Brunch Roundup: Bikinis in East Village

Bikinis Photo Shoot
courtesy of Bikinis restaurant.

Stuff Stylish Women Like: weekend brunch. good food. fashion. black and white photos. trips to europe. spain. spanish men.

Which means they’ll love super cute East Village restaurant Bikinis, obvi. This small eatery, which is run by former fashionista Karina Correa and her fiance Petrit Pula, serves Spanish fare in a stylish setting reminiscent of a chic cafe and art gallery. You might find the name Bikinis a bit odd, since the only signs of a two-piece are in the nostalgic, glossy photos that hang on the walls. However, it is actually the name of a type of sandwich served in Spain, which was apparently invented in the 1950s at a dance hall called Sala Bikinis. The place started serving its guests triangular shaped croque monsieurs which were soon dubbed “bikinis” since they resembled the bottoms of the notorious swimsuit. You can learn more about the colorful origins of this Spanish sandwich here in a video interview with owner Correa.

The brunch menu at Bikinis features several varieties of its signature sandwich, as well as Spanish-inspired brunch fare and a heartier baguette-based sandwich called the bocadillo. We ordered a little bit of everything–the Huevos con Xistorra for something reminiscent of a traditional eggs dish, the Don Quixote bikini to satiate our curiosity of this peculiarly-named sandwich, and the Pepito de Pollo bocadillo to round things out.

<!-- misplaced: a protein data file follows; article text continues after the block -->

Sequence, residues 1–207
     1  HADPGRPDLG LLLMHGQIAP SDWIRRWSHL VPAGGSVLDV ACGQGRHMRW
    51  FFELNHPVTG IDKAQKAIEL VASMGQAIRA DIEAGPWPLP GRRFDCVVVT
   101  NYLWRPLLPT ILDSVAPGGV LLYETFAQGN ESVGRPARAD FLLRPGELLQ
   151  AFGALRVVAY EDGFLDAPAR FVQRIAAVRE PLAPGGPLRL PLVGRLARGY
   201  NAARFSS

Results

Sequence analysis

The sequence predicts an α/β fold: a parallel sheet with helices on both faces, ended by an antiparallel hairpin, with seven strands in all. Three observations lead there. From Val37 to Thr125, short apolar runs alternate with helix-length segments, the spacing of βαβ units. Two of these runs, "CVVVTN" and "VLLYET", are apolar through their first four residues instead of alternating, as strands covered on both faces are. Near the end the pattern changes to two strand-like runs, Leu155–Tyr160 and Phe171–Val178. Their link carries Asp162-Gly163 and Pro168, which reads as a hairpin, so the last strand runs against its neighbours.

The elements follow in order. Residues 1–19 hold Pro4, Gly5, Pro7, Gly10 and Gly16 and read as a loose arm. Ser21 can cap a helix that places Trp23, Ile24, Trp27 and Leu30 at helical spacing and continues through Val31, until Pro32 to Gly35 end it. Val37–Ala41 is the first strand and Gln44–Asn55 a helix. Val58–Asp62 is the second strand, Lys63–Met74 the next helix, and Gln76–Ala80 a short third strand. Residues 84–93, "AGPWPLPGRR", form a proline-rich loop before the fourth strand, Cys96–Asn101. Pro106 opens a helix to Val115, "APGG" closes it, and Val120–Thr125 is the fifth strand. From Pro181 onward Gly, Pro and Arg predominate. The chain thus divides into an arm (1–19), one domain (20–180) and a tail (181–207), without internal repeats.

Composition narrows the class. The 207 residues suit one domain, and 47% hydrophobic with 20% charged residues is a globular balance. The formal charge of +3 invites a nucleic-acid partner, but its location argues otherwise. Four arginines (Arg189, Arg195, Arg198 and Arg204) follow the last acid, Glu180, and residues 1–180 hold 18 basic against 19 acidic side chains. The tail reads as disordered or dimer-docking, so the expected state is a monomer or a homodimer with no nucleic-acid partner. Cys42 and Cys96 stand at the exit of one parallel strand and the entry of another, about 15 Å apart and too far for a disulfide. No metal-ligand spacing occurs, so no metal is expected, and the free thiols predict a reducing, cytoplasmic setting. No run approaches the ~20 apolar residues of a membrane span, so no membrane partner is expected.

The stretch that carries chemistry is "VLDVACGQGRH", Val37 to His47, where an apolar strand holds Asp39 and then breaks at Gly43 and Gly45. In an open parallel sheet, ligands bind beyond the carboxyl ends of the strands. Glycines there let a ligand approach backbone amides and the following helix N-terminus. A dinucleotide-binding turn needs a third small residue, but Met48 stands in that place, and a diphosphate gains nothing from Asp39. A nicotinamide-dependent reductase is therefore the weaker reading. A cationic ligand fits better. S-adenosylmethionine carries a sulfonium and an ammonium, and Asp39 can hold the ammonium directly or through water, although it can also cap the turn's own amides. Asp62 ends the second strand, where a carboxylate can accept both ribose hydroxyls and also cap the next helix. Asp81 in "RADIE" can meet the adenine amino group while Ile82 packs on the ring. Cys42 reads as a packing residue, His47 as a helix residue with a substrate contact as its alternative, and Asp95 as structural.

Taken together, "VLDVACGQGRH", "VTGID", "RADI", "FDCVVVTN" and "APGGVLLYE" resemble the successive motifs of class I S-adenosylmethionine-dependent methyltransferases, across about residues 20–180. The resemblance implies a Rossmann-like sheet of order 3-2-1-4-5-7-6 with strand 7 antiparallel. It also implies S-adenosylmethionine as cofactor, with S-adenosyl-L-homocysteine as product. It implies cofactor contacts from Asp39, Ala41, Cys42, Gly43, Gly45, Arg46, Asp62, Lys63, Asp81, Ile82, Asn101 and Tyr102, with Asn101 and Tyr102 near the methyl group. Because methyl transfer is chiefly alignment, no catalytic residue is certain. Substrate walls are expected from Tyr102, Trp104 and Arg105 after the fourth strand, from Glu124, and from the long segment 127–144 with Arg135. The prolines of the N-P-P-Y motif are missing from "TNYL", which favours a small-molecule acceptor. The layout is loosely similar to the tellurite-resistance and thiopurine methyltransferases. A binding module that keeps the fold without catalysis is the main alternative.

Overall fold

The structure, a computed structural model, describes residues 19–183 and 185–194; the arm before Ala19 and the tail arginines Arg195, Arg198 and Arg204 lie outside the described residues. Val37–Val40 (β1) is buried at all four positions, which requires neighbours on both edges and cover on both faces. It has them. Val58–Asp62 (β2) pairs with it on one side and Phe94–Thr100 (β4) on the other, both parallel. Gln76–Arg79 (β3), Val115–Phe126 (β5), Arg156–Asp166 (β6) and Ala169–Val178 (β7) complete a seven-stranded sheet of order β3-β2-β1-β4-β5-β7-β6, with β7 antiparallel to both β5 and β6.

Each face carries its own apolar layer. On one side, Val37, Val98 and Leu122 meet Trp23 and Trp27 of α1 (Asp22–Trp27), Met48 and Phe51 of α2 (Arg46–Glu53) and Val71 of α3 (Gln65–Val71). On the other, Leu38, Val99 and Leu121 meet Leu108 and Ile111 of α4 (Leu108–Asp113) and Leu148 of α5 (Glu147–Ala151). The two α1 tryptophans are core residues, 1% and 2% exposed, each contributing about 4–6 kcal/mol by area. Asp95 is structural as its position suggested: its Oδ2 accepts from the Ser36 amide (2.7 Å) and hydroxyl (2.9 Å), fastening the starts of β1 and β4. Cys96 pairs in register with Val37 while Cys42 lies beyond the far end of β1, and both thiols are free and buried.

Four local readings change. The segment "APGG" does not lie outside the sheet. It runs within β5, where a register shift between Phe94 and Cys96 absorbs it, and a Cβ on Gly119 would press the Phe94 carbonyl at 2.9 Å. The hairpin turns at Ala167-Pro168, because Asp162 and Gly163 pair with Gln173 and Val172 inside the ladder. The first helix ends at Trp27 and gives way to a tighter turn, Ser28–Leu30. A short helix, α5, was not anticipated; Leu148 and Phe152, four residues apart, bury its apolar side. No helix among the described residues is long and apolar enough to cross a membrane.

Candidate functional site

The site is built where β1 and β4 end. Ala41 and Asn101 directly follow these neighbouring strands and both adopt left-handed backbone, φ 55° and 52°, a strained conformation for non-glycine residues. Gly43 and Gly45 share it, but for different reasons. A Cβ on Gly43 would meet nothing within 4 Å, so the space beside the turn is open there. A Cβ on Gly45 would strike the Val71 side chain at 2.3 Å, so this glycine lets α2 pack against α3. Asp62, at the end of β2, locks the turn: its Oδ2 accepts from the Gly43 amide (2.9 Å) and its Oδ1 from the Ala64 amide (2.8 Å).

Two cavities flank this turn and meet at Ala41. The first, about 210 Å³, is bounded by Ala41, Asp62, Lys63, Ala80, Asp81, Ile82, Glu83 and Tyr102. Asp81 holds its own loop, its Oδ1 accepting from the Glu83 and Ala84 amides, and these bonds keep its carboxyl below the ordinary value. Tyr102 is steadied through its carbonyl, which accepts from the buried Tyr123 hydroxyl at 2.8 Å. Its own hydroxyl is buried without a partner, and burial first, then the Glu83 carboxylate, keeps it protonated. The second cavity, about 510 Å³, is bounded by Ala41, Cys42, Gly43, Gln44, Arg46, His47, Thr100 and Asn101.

Bikini - Don Quixote
scenes from a trip to spain – the don quixote bikini sandwich
Bikini - Pepito de Pollo
day 2 – the pepito de pollo bocadillo sandwich
Bikini- Huevos con Xistorra
day 3 – huevos con xistorra, a spin on an american brunch classic

Bikinis really knows how to serve solid and delicious comfort foods in a stylish and slightly offbeat manner. The chicken in the bocadillo was well-seasoned and flavorful, the baguette was crisp and not overly-thick, and even the side of salad was simple but tasty. With the Don Quixote, Bikinis refashioned the classic ham and cheese sandwich as an elegant and exotic Spanish adaptation, pairing tangy cured serrano ham and manchego cheese in between two pressed slices of incredibly satisfying challah toast.

Similar Spanish tweaks were made to the familiar eggs and sausage combo in the huevos con xistorra by replacing sausage links with a spicier chorizo-like meat and serving a side of olives and manchego cheese for a unique Barcelonian touch. And that fantastic toasted challah bread made an appearance again. Sopping up the toast with egg yolk, savory sausage and mild cheese was a pretty effective combination. 

Brunch isn’t complete without some bellinis and bloody marys, and the “Bloody Maria” served at Bikinis is really well mixed and a great deal at $5. As opposed to using a vodka base, the restaurant uses soju, which results in a creamy and incredibly smooth drink. I think we need to add Bloody Maria to the list of stuff that stylish girls like. 

The wholesome and chic charms of Bikinis is a refreshing addition to the gritty landscape of Alphabet City. I’m frankly shocked that a place like this even exists on Ave C. It feels like it should be in Nolita next to Cafe Habana or Tacombi somewhere. I think this explains why Bikinis isn’t more popular, along with the fact that getting to Ave C from anywhere can be quite a hike. Which is perfect for those willing to make the trip, since that means more space and time for you to linger and reminisce about that junior year abroad in Spain over a glass of lovely sangria or cerveza. Vicky Cristina Barcelona Part 2, reunion in NYC!

56 Avenue C (between 4th and 5th St)
New York, NY 10009
(212) 777-2277

Smørrebrød Sandwiches at Aamanns-Copenhagen